The Rev. Jerry Falwell's voice echoed down through the decades in American churches and American politics, infuriating for an increasing majority, still inspiring for some. The always controversial figure passed away Tuesday at the age of 73. What will his legacy be? Will Falwell's death have an impact on conservative Christians looking to define themselves in the coming election season?
When Falwell spoke from behind the lectern at Liberty University in Lynchburg, Va., last year, there was a unique presence surrounding him.
Perhaps it was the hundred or so audience members gathered before him, a mix of those utterly fascinated and others who were only mildly engaged. Maybe it was the university staff behind him, all of whom stared at the preacher in silent reverence. Most likely, it was the portrait on the wall behind him -- that of a similar Falwell, yet one that harkens back to a younger, more energized man.
"I would have to say things have gotten worse," he told me last year. "And a lot of this has happened, really, on my watch. I've been preaching 50 years. So, you have to take some of the blame. I have to take some of it."
That was a strange admission of failure from the "fire and brimstone" preacher who founded the Moral Majority in 1979, and helped launch the Reagan revolution. Through the 1970s and 1980s, Falwell's pronouncements -- idealistic or hateful, depending on one's point of view -- regularly made news. He said that AIDS was God's punishment for homosexuals and that liberals and feminists and Democrats were doing the work of Satan. But times have changed, and the power structure in Christian America has shifted.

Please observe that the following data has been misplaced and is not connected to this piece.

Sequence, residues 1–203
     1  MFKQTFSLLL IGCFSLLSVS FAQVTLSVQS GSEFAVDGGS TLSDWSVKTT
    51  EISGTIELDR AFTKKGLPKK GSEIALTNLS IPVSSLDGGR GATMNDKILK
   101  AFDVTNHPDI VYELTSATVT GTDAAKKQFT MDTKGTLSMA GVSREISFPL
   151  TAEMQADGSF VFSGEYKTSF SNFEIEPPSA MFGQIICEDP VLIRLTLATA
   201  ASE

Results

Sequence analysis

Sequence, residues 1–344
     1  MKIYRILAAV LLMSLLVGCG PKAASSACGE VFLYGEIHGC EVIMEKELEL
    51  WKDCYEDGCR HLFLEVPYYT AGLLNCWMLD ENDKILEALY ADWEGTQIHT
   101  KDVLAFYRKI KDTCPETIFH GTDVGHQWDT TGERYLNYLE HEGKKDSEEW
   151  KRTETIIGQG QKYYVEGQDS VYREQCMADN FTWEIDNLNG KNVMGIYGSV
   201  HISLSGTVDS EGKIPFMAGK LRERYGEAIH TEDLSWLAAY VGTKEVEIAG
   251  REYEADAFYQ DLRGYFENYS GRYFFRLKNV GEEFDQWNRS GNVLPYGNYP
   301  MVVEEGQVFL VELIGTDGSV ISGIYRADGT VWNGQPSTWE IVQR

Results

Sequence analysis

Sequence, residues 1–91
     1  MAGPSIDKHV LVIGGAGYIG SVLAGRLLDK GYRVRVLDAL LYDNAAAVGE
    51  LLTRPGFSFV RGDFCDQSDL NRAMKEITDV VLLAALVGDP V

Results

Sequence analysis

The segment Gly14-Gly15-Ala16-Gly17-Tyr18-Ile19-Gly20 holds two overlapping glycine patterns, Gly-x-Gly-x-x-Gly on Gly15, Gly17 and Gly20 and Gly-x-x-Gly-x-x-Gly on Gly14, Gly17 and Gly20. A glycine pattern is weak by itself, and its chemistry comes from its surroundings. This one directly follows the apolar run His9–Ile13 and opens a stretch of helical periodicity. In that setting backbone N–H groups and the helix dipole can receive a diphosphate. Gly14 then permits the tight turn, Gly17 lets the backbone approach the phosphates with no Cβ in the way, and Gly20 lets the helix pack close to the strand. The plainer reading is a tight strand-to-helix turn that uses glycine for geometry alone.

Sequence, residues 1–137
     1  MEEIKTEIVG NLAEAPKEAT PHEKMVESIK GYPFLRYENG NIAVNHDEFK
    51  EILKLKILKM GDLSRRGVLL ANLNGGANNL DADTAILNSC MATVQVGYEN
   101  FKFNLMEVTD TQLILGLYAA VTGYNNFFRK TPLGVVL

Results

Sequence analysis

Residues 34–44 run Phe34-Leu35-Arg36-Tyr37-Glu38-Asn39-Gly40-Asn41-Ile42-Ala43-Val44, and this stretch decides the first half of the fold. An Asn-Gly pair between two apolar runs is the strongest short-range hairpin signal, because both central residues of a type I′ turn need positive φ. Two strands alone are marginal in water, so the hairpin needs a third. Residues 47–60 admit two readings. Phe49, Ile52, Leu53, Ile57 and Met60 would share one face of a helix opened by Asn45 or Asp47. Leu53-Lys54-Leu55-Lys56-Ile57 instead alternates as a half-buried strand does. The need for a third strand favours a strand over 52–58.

Mark Rozell, a professor of public policy at George Mason University who studies the Christian conservative movement, said last year that "Falwell's golden years are behind him, no doubt. The religious right movement very much matured and grew over time. And didn't really need someone who was such a controversialist to draw attention to himself and to his movement."
Falwell himself admitted that "I could tell you I'm not what I used to be as far as potential of work and energy."
Falwell made headlines until the end of his life, though, when he chose to. In 1999, he famously stated his belief that the Tinky Winky character on the popular children's show "Teletubbies" was gay, adding that "role modeling the gay lifestyle is damaging to the moral lives of children."
More infamously, following the terrorist attacks on Sept. 11, Falwell generated attention for his remarks on the Christian Broadcasting Network's "700 Club." During the broadcast, he blamed the attacks on groups ranging from pagans to gays to the ACLU and said that the attackers had given us "probably what we deserve."
Falwell later apologized for those comments. But they shocked many Americans and helped to push him further to the margins of the political world he once dominated.
In the last years of his life, Falwell focused most of his energy into Liberty University, the private Christian college in the foothills of the Blue Ridge Mountains in southern Virginia that he founded in 1971, and its 26,000 like-minded students. The license plate on his black SUV said it all: "LU 01" or Liberty University 1.